From Massachusetts to London, via Italy: making the Blizzard Coat

When our menswear head of design wanted to develop an idea for a 1950s-inspired American Blizzard coat, she didn’t trawl through Instagram or consult catwalk looks. Instead, Claire picked up the phone to her long-time contact Enric – the “Vintage Hunter” – who she met in Spitalfields market during her time at Burberry.

“I knew the type of thing Claire wanted, found a vintage jacket and sent her a photo. She said it was perfect, so hired it to develop the Jigsaw coat,” Enric explains from his studio in Dalston, whose walls are covered, floor-to-ceiling, with vintage finds. Military jackets from the late 1800s, Victoriana blouses, exquisite embroidery.


“We do a US road trip about four times a year, finding little treasures to inspire people,” he continues. “I think we found that one in Massachusetts.”

The “we” is Enric and his wife, Estefi, who have been running the Silk & Rope vintage archive in east London for almost 10 years, having moved to the capital from Barcelona. Unless you’re in the business of buying vintage fashion, you won’t learn about its nuts and bolts from Enric and Estefi – not on the record, anyway, and certainly not without gaining their trust. Both are – understandably – protective of their trade, one that is based on nurturing relationships with people. In real life. Don’t expect to engage in an email exchange. They’re too busy living: touching beautiful clothes, talking to collectors, market-stall holders, designers, individuals who can spot a stitching detail that sets a jacket apart.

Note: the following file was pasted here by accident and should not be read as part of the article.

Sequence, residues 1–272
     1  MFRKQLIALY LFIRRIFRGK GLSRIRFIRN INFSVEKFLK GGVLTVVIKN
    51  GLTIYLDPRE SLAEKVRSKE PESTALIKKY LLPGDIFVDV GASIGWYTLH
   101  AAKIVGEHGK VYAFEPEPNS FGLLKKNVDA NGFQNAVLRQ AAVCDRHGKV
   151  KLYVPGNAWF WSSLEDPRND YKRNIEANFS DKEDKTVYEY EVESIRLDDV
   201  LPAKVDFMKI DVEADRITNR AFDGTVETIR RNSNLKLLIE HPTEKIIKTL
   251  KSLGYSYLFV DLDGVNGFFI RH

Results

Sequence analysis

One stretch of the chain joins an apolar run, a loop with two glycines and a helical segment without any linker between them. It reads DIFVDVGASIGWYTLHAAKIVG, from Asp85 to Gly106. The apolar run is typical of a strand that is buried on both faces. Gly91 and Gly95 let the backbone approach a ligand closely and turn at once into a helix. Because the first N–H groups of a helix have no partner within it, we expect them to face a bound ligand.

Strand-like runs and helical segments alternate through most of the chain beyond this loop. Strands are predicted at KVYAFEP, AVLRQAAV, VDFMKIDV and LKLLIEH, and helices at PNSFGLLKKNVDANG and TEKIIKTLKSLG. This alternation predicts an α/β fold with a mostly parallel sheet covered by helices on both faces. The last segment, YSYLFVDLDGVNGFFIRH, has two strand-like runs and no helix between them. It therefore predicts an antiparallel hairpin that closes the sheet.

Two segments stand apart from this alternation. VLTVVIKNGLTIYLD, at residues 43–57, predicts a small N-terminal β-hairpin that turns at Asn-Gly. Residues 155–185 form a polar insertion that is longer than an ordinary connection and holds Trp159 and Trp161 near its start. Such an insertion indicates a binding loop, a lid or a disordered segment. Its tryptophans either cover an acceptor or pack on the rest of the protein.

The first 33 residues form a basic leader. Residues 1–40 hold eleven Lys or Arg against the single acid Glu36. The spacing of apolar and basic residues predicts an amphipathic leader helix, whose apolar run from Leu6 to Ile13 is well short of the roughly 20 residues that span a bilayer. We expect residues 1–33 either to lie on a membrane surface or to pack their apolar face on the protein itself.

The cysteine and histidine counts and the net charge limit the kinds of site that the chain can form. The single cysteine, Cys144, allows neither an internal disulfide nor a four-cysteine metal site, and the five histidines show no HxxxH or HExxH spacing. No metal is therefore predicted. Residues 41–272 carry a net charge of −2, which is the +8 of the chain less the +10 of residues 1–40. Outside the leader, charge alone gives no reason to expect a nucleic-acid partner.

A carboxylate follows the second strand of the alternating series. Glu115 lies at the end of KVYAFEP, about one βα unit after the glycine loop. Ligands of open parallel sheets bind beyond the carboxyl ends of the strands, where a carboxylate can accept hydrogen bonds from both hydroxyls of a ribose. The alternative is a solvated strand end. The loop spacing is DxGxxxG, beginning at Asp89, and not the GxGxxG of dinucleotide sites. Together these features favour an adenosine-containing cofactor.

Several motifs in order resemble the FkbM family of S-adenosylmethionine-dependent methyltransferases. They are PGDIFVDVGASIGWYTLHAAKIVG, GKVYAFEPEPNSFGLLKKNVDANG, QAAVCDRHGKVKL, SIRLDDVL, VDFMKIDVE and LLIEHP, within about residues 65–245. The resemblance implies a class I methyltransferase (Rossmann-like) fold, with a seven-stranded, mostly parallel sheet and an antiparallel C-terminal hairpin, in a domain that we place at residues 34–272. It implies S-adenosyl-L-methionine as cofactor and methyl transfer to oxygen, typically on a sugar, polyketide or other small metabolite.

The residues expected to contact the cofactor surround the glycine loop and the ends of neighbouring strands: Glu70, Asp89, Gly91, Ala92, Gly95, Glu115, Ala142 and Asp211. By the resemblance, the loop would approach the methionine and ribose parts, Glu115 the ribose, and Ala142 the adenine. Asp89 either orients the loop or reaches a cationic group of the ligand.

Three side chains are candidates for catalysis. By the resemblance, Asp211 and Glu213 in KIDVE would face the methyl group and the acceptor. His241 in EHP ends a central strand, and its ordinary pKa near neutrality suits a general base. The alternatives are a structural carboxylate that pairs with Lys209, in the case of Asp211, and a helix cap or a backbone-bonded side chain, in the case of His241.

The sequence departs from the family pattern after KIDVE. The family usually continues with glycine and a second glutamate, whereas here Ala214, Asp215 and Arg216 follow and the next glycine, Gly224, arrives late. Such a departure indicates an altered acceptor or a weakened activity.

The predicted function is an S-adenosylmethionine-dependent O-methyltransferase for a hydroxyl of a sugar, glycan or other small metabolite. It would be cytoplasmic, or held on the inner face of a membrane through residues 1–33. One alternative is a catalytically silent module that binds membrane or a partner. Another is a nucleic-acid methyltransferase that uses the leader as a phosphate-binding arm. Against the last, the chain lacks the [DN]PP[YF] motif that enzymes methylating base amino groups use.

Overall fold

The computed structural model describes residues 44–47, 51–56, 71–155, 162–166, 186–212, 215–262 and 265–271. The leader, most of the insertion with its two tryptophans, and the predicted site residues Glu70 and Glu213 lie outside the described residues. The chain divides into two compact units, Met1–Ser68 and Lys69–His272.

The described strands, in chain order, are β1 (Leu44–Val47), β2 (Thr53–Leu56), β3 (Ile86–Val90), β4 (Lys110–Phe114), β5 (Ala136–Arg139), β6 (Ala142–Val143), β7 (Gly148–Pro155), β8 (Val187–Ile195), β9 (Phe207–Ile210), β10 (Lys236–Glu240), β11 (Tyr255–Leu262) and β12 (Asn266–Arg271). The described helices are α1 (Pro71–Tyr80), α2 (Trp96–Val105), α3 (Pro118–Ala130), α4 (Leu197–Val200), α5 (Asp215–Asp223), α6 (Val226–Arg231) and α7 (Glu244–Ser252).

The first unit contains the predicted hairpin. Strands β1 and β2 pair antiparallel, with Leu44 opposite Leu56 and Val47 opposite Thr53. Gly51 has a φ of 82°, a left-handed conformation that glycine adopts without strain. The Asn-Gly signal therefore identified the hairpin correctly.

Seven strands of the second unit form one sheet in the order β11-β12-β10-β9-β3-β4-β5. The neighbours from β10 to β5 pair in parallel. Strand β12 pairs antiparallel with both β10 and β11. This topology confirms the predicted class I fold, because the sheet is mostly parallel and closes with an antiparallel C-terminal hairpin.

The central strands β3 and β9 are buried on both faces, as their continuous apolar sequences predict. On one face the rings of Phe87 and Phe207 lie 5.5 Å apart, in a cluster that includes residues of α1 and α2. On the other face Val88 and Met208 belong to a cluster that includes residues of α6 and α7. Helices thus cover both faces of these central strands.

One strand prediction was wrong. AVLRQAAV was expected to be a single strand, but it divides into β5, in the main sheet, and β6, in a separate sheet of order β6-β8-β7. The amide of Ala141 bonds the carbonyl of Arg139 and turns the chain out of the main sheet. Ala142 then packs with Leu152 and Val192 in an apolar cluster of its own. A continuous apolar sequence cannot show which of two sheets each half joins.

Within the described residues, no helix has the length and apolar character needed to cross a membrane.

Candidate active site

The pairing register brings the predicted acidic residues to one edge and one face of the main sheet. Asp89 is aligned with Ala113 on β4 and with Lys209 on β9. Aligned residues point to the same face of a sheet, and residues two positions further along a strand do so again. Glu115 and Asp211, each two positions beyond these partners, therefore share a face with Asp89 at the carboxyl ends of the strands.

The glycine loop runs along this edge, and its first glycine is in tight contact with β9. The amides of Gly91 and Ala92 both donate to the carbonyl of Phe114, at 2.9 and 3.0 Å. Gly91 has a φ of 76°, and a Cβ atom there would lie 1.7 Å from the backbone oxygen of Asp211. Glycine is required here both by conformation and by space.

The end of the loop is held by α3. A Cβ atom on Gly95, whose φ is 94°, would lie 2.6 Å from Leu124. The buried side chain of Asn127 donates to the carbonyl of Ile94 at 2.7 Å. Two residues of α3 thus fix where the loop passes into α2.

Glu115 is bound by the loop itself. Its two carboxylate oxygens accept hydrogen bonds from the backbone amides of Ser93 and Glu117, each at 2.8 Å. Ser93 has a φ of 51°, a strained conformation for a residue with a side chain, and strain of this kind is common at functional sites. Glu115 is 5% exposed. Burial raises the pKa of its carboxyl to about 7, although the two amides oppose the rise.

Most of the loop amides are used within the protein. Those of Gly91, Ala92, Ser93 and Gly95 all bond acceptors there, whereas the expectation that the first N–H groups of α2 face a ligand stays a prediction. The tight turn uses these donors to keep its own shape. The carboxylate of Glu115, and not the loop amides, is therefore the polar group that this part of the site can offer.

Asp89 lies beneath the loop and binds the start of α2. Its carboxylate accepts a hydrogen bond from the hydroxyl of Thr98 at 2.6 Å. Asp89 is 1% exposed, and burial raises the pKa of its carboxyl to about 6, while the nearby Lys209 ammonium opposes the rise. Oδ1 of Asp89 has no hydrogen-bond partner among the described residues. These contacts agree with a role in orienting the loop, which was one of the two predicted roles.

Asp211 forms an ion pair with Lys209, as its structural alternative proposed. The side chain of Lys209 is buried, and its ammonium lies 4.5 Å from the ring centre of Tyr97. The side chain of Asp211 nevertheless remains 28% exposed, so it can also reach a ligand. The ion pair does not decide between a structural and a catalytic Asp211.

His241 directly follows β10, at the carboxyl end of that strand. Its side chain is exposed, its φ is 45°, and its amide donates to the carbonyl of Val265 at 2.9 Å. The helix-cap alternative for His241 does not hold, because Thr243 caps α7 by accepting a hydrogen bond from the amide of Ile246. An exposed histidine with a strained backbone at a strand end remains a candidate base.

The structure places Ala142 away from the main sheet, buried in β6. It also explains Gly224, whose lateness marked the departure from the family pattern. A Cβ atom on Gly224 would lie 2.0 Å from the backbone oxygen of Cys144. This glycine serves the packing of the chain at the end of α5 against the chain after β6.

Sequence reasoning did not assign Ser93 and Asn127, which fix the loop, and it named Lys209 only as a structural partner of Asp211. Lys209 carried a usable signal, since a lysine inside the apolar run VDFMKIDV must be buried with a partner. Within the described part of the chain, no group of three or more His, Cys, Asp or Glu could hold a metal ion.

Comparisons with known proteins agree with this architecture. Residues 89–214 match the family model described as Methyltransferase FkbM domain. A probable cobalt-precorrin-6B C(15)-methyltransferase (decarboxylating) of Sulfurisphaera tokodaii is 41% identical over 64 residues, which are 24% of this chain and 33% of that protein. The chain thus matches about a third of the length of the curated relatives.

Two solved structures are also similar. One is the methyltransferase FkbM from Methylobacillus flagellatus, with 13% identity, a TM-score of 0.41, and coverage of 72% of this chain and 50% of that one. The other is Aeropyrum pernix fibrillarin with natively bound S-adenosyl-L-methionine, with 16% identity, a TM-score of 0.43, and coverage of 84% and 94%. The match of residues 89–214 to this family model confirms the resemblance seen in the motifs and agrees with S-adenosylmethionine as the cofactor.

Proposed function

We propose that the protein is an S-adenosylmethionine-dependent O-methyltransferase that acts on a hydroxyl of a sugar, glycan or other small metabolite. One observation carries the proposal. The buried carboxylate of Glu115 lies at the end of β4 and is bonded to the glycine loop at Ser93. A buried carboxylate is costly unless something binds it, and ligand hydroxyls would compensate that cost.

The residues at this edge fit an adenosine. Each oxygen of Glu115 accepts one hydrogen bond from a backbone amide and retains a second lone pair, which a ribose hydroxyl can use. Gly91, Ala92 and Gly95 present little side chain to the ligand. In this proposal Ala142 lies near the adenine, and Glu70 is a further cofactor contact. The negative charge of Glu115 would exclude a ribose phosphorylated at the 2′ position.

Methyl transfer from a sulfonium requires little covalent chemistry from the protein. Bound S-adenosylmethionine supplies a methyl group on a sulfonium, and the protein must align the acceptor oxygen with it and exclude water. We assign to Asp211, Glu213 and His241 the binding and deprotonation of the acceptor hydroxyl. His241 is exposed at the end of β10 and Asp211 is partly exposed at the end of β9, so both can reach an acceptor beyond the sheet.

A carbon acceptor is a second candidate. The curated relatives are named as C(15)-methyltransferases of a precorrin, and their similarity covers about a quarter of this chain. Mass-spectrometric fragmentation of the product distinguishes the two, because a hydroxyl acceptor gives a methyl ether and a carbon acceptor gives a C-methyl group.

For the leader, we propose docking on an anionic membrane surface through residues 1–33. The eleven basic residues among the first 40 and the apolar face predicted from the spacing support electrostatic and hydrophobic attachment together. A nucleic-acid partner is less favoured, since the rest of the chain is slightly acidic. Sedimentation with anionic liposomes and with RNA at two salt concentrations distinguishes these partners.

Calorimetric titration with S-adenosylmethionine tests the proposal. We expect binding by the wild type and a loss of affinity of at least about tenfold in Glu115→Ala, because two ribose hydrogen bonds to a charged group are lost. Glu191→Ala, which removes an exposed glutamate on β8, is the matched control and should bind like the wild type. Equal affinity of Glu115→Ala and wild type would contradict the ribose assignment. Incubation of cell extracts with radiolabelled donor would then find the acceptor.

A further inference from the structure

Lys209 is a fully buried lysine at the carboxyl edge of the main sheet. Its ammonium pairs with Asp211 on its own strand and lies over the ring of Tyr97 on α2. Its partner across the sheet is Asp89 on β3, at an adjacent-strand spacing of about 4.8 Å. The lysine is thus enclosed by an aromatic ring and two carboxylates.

“We might meet a customer, who then says to us ‘I’ve got my mum’s collection for you to look at’ or another who says ‘I’ve got more stuff in Russia’,” Estefi explains. “We have people sourcing for us.”

And they have an eye for this stuff. You can’t pin it down with a science; they live and breathe vintage fashion. Enric resisted attempts by a Japanese collector to buy a 1980s fireman suit because he loved it so much (he caved after two years). Estefi is still holding on to a 1930s lamé, embroidered coat. “I love buying, not selling!” she laughs.

But she does admit to selling a coat she was actually wearing, when approached by a group of women on the street. “She was practically naked”, Enric laughs, recalling that the same women wanted to buy her shirt too, once the coat was removed.

“We’ve always been collectors, but of antiques, not fashion,” says Estefi. “We learnt on the job. At the beginning, we were doing seven markets a week, buying hundreds of pieces. Now, we have very selective pieces. That’s why designers come to us.”

By Ana Santi



Author: Jigsaw

Leave a Comment

Your email address will not be published.